Jeremy Messersmith's got a death obsession, but he's not writing tunes inspired by Twilight or Bauhaus. The Minneapolis musician's approach falls somewhere between that of Elliott Smith and Camera Obscura, marrying sad lyrics to warm-and-sunny melodies.
I spoke with him recently about his new album, The Reluctant Graveyard, and how he sees dead people when he writes songs.
Messersmith performs at the High Noon Saloon Aug. 10.
On your Twitter profile, you call yourself a nerd. What do you mean by that?
Nerds are really just people with highly specialized knowledge, sometimes bordering on the obsessive. These days I try to apply that psychological quirk to writing melodies and lyrics.
What inspired The Reluctant Graveyard?
I was inspired by a quote from Brian Eno: "Why am I not making the music I'm listening to?" It feels like every so often, musicians have to drink at the fountain of pure '60s rock, before corporations destroyed it. I listened to a lot of the Kinks, Velvet Underground, the Zombies and a few newer retro bands like Camera Obscura and Grizzly Bear.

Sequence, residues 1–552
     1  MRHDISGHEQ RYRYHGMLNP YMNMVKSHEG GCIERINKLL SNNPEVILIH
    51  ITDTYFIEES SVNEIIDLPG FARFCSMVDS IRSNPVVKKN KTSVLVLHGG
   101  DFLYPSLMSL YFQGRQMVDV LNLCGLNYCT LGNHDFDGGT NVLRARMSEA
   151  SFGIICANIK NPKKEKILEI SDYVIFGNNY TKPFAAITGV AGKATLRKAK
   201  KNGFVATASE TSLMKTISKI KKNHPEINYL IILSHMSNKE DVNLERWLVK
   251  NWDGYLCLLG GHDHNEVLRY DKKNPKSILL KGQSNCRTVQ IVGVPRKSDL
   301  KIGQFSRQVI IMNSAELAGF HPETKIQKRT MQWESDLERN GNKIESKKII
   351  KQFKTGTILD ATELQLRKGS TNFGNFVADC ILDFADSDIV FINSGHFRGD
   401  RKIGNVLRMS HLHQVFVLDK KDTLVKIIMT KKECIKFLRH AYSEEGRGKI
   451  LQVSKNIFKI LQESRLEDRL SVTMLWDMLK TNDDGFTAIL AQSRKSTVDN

Where did its graveyard theme come from?
The graveyard idea came to me during the recording of my previous record, The Silver City. I had done one record about growing up [and] one record about midlife, so it seemed fitting to do a record about death to finish the trilogy. Plus, a graveyard is a great creative sandbox. I got to explore different characters from lots of time periods.
Why are you stopping in Madison?
Something funny always happens when I play there. Either the sound guy sleeps through my whole set, or the hair band I open for can't play any songs because their custom light show keeps blowing fuses, or some dude just stands there screaming at me for half the set. Madison is always an adventure.
What else would you like to tell your Madison fans?
I'll be playing an acoustic set about murder, death and inevitable mortality. If that doesn't set the perfect tone for your romantic evening, I don't know what will.